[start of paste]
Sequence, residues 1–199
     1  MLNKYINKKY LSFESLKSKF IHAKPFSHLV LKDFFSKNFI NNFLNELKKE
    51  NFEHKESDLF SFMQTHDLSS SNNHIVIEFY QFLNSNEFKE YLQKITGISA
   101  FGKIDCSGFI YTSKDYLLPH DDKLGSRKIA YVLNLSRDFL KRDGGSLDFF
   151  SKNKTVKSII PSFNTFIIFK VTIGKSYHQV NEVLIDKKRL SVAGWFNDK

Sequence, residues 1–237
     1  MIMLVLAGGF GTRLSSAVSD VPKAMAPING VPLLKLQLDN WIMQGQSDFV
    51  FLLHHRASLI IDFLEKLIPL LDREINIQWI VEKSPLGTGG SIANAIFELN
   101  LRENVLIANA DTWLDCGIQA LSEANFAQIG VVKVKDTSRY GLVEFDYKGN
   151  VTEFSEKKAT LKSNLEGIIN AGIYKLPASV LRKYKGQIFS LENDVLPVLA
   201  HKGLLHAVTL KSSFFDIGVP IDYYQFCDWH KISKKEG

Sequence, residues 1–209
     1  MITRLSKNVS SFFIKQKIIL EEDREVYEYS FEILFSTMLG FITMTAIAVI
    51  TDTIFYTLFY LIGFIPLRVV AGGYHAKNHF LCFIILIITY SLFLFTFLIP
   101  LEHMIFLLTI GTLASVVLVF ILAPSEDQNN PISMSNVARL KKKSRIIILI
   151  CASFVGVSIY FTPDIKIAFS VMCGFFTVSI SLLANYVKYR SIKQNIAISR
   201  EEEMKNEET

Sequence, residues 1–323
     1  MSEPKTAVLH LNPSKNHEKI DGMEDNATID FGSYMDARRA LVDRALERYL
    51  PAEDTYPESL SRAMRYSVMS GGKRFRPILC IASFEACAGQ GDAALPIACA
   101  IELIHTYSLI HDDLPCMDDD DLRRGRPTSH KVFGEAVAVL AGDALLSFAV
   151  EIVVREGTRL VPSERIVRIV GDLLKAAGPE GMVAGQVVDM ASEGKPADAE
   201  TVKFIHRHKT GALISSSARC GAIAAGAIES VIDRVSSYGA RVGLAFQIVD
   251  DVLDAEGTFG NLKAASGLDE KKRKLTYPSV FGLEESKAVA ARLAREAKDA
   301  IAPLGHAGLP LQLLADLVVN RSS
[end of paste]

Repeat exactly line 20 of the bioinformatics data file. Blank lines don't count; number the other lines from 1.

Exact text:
    51  PAEDTYPESL SRAMRYSVMS GGKRFRPILC IASFEACAGQ GDAALPIACA